As far as the storyline goes, it revolves around Guitar Wolf and Ace (Masashi Endo), one of the band's biggest fans and a dedicated rock and roll junkie. After getting up the nerve to talk to his heroes backstage, he interrupts a gun standoff between Seji and the club's sleazeball owner Captain, played to the hilt in hot pants by Makoto Inamiya. Very much in B-movie style, brains and body parts are suddenly everywhere, so Ace and Guitar Wolf split the scene, guns blazing. Before they split, Seji makes Ace his blood brother by carving X's into both of their hands, then gives him a whistle for him to blow "anytime he's in danger." As this movie really does have everything, Ace supplies some of the film's comic relief and even falls in love with a cute little chick named Tobio. But there's really no time for romance for Ace and Tobio (well, maybe a little, though it won't be what you were expecting) because the campy practical effect flesh-eating zombies are starting to show up all over the place. Just like the mystical Seji does throughout the film. And, as many times as I've seen this film, I always want to cheer out loud when he materializes. You know, just like every time you get to see Eli Roth murdering Hitler as Sgt. Donny Donowitz in Inglorious Basterds. However, director Tetsuro Takeuchi seems to be more inspired by the work of David Lynch, George Romero, and Lloyd Kauffman, and in the process, like all three directors, made a cult film he visualized and wrote (with help from screenwriter Satoshi Takagi).
Right as things are looking pretty desperate for Ace, he blows the whistle given to him by Seji, and what's left of his mind snaps. Did I mention there's also this chick driving a tricked out military vehicle who knows how to throw a punch and kick some zombie ass in the nude? No. Well, that's happening too. Captain is still out looking to get revenge on Seji and the rest of Guitar Wolf for blowing his fingers off. As night falls, Guitar Wolf and a couple of lovebirds they saved (trying to escape the zombies) stop at the gas station to regroup, including another comedic character, Toshi, played by actor Yoshiyuki Morishita, known in popular culture as the Steve Buschemi of Japan. Excellent.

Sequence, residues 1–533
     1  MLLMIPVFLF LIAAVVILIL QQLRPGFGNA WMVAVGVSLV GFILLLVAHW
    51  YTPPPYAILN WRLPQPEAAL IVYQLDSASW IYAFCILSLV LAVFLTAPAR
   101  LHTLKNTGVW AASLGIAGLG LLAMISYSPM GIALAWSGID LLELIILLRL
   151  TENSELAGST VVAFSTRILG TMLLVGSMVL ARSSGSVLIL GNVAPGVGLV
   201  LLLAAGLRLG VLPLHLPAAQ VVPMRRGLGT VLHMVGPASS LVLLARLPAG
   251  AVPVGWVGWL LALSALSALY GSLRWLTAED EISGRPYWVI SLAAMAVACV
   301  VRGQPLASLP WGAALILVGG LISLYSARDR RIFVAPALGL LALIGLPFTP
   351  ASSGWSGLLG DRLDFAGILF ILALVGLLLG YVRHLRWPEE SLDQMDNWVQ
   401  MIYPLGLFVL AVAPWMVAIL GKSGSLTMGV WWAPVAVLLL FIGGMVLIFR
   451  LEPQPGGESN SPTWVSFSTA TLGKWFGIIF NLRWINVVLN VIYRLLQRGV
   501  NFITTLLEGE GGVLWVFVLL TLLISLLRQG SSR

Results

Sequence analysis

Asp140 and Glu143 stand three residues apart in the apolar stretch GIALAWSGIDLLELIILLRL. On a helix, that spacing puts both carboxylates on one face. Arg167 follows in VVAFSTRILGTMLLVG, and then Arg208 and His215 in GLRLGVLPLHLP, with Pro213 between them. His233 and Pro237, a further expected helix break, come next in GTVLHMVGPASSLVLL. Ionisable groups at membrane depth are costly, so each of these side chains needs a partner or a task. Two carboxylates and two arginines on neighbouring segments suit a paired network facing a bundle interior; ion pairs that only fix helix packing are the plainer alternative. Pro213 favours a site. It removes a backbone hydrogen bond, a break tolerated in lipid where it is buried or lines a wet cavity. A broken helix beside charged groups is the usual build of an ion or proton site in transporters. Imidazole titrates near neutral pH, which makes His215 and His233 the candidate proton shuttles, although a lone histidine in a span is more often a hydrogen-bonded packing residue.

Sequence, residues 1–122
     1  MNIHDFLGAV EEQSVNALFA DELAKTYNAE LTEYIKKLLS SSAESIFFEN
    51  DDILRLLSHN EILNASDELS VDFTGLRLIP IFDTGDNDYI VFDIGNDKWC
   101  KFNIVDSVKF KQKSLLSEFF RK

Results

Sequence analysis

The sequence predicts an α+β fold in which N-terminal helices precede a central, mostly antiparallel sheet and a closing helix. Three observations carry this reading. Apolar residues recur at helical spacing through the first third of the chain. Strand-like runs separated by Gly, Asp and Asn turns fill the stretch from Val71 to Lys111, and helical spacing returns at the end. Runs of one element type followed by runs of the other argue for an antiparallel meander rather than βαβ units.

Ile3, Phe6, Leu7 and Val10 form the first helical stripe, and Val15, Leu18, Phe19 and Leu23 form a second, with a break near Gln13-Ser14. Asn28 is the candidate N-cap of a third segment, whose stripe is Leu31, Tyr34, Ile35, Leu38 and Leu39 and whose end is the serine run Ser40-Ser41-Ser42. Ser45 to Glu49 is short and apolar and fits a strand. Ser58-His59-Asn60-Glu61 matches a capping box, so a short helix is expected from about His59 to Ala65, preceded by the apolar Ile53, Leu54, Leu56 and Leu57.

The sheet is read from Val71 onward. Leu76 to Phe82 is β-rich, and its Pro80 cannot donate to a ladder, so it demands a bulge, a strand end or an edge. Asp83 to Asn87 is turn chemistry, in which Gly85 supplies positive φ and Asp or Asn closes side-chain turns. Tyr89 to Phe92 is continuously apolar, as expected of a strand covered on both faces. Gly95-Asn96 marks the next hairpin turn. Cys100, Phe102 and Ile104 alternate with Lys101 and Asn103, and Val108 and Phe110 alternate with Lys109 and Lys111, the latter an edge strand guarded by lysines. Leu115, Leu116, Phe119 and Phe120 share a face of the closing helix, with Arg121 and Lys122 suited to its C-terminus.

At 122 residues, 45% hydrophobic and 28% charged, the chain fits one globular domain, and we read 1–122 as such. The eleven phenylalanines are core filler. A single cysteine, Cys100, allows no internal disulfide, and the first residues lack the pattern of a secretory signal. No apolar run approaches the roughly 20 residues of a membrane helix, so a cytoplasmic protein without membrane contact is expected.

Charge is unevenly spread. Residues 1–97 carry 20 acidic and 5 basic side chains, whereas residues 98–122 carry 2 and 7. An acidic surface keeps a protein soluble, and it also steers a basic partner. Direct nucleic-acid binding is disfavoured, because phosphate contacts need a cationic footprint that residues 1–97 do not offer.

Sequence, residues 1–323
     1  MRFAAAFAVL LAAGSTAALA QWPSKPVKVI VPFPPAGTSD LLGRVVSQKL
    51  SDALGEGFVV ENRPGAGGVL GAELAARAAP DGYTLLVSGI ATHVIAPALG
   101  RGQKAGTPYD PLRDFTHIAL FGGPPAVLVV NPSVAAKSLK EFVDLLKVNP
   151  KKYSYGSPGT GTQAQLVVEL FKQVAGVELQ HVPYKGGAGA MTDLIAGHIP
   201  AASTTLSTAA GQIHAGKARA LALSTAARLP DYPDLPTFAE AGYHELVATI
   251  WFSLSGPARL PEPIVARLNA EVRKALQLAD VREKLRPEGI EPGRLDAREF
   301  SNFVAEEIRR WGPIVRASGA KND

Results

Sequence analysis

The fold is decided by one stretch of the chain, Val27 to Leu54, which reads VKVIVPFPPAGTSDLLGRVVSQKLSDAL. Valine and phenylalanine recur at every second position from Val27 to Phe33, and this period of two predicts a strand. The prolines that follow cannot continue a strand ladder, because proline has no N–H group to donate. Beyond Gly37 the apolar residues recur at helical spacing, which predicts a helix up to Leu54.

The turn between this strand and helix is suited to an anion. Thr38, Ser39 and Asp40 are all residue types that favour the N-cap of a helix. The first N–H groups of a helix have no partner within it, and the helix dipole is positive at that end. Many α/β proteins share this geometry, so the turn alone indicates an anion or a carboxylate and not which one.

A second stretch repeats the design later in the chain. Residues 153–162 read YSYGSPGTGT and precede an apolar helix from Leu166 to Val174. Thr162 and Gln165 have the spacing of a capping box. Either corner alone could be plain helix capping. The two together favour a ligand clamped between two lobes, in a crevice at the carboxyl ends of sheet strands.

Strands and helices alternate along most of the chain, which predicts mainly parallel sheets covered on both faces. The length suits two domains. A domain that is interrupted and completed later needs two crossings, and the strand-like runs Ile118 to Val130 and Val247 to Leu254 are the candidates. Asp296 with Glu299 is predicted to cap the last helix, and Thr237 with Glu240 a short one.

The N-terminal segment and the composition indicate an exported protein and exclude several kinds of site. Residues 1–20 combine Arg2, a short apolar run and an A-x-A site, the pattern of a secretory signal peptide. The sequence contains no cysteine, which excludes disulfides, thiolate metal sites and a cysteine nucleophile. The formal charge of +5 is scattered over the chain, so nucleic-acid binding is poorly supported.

The zombie-fighting girl in the tank-like truck rolls up just as a horde of zombies arrive. Since she's a badass, she tries to shoot her way out of the situation (in a bodysuit and heels no less), but, as guns do, her weapon runs out of bullets. This is when one of the greatest scenes in Wild Zero goes down; Seji screams his signature phrase "ROCK AND ROLL!" and pulls out his gun to help out with the zombie body count. Except he's also down to just one bullet. But since this is Seji, the goddamn Guitar Wolf himself, he pulls a pile of weaponized guitar picks out of his pocket and proceeds to annihilate the zombies by flicking the picks at them one by one. WEAPONIZED GUITAR PICKS. As luck would have it, their new female friend is some sort of arms dealer with a large cache of weapons in a nearby warehouse. All gunned up, Guitar Wolf leaves the warehouse to continue their search for Ace. When they finally find him, he's still in full-rage mode, smashing zombie skulls with a lead pipe while "Rebel Girl" by Bikini Kill plays in the background. Poor Ace looks doomed until his guardian angels, Guitar Wolf and Seji, finally rescue him.
As this post is already full of spoilers giving you more than enough reason to seek this film out immediately, I'm going to leave you to trust that the last 25 minutes of Wild Zero only gets more insane by the time the alien ships show up. Check out the bonkers trailer for your new favorite rock and roll zombie movie, Wild Zero, below.
The wild, noisy trailer for 'Wild Zero.'